Phase 4: Week 16

This week I will begin selecting and working with the types that I am mapping out in relation to the Subiaco.

Methodology for collected material as interpreted from ANRT:

  1. Select sources.
  2. Sample sources
  3. Analyse sources from written analysis
  4. Analyse sources through comparison
  5. Manual tracing
  6. Correcting and selecting based on comparison between connections.

Connections to Subiaco

I am basing these connections of the research from The Visual History of Type by Paul McNeil and from Gotico-Antiqua, proto-roman, hybrid, 15th-century types between gothic and roman edited by Jerome Knebusch. The chosen typefaces or scripts to put in connection to the Subiaco based on how relevant they are for my study, how relevant they have been in the development of Roman type in relation to the Subiaco.

Late Carolingian Minuscule

Humanist Minuscule

Fust and Schöffer’s Durandus 118G, 1459.
Source: Rationale Divinorum Officiorum

Subiaco 120R
based on contemporary florentine humanistic hand?

Zainer’s Gotico-Antiqua, 1468

Jenson, 1470

Pannartz and Sweynheym’s 115R ? maybe

The Golden Type, 1890

Subiaco 115R

Subiaco, 1902


Durand, Guillaume, et al. Rationale Divinorum Officiorum. Mainz: Johannes Fust and Peter Schöffer, 6.14. Available at:

Lactantius, et al. Opera. [Subiaco, Italy: Conradus Sweynheym and Arnoldus Pannartz], 1465. Available at:

Humanist Minuscule — I may have to change this to a more ‘representative’ one
St. Gallen, Kantonsbibliothek, Vadianische Sammlung, VadSlg Ms. 298: Eusebius Caesariensis, Prosper de Aquitania, Chronicon (

Carolingian Minuscule

I started with the Subiaco, printed and traced from the list of characteristics. The characteristics are drawn from my own research, Mcneil’s (2017) The Visual History of Type and Knebusch’s (2021) Gotico-Antiqua, proto-roman, hybrid: 15th-century types between gothic and roman.

Long ascenders and descenders

Baseline serifs

Some gothic ligatures

quite open aperture

Inward but not outward serifs on capital M N H

a – Double storeyed

d – Upright stem

g – Double storeyed, narrow, ‘humanistic’

h – Curved uncial form

t – Arrow headed


Durandus 118G

Durandus has some variating letters, some with humanist ambition and some of more uncial character. The d for example, comes in two different variations, and so does the g.

Humanist Minuscule from 1400, Jenson upside down, Carolingian Minuscule from ca 1000.

I am considering to work mainly with lowercase letters, since they are more tied to script. However, the uppercase M’s could serve as guiding nodes through the development towards Roman type.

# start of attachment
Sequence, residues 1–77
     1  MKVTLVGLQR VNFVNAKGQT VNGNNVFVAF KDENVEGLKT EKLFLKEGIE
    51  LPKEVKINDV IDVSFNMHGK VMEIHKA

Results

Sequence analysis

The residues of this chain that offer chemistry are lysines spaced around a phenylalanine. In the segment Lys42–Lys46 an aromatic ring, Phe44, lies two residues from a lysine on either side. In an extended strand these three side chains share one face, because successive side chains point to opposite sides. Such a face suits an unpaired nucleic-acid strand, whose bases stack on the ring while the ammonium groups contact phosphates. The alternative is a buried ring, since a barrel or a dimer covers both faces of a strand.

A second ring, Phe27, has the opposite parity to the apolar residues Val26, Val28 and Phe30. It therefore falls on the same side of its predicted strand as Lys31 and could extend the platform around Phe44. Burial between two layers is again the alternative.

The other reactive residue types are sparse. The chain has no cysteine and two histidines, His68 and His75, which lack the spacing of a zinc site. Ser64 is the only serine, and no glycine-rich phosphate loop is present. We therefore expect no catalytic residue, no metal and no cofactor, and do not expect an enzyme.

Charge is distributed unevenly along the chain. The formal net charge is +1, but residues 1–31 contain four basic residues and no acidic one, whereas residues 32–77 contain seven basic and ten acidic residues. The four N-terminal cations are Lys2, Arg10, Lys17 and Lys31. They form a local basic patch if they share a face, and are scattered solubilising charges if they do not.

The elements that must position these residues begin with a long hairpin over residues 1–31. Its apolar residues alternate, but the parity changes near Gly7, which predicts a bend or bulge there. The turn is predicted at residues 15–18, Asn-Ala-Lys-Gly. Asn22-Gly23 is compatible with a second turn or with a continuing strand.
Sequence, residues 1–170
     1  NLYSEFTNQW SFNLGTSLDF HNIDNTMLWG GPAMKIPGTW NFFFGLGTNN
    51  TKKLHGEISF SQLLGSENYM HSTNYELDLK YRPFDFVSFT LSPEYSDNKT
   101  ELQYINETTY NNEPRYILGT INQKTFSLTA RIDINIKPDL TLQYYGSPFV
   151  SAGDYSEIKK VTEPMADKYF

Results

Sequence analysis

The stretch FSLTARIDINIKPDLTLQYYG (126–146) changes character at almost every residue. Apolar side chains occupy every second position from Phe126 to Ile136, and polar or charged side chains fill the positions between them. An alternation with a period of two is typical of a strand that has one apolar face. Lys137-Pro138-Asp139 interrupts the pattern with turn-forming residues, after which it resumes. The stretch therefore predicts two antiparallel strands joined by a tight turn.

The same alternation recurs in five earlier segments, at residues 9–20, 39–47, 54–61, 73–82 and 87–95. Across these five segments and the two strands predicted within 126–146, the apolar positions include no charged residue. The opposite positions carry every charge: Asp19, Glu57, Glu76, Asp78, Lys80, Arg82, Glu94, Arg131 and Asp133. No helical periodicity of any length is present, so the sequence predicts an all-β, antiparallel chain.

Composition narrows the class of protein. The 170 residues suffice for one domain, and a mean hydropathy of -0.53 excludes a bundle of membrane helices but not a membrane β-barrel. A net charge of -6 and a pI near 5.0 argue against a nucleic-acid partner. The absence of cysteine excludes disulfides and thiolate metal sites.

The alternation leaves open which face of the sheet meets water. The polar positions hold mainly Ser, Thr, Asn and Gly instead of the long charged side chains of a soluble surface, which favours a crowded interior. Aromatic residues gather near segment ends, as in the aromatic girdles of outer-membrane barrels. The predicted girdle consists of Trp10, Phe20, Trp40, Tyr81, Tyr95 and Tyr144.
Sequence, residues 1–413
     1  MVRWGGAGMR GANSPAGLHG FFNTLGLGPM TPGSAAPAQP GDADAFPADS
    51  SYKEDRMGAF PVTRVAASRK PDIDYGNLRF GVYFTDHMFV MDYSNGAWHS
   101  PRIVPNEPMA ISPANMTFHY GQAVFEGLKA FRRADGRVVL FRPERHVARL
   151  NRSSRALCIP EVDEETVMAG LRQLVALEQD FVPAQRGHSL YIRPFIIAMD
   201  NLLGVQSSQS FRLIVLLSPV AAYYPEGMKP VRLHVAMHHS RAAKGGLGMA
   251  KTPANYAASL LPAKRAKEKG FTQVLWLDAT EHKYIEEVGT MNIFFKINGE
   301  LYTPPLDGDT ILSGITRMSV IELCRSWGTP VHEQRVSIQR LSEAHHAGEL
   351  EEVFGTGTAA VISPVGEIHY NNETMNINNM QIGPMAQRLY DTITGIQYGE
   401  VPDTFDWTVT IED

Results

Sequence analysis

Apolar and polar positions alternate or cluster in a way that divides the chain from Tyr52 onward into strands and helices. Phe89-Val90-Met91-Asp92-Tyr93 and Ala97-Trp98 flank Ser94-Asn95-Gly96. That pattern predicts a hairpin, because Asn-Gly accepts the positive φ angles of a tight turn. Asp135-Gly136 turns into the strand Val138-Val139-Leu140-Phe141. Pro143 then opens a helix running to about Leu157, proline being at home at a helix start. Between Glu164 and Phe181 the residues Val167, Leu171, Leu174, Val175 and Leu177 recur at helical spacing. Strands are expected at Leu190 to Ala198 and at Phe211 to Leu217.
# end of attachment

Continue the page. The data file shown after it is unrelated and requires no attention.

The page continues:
I have started sketching on the two booklet formats, I think I need to find a system for the colour? The colour palette is currently quite broad. I am using these booklets to sort of explore the premises of my visual direction, what I want and don’t want. I am having a bit of a hard time finding coherence and the colour somehow makes it seem immature? Maybe I should try and reduce the colour scale a bit.

Written analysis, reflection on postcolonial semiotics

This week I have written a lot on the analys while also conducting practical experiments. This has let the written and practical connect better. I found a connection in Postcolonial semiotics that can connect to one of the practical outputs of my project.

Postcolonial semiotics is to me a still unexplored territory and so far I have only seen it applied in linguistics. Some of my written analysis, however, is in part built on research from postcolonial semiotics. It is possible from a typographic perspective to create an understanding and problematise from the premises of postcolonial semiotics. However, it is not achievable to think beyond the binaries in the same way Postcolonial linguistic semioticians can through for example Angela Reyes’ (2022) method of ‘theorising a third’. There is a possibility to think and create beyond the binaries, categories and any elite formations using typographic practice.

I am thinking that the theorizing of a third is what I do in the folds where I create relationships between letterforms and other means of expressions. I obviously have to anchor this a bit better. But I think that some theories of linguistic semiotics may not be directly applicable to typography (of course) but the essence of their purpose may at times be translated into practice?


KNEBUSCH, Jerome, 2021. (ed.) Gotico-Antiqua, proto-roman, hybrid: 15th-century types between gothic and roman. Atelier National de Recherche Typographique [anrt], ensad / Poem, Nancy / Frankfurt am Main, pp. 306-323.

MCNEIL, Paul. 2017. The Visual History of Type. London: Laurence King Publishing.

REYES, Angela, 2022. Keynote 4: Dr. Angela Reyes, “Beyond Binaries in Postcolonial Semiotics”. Available at: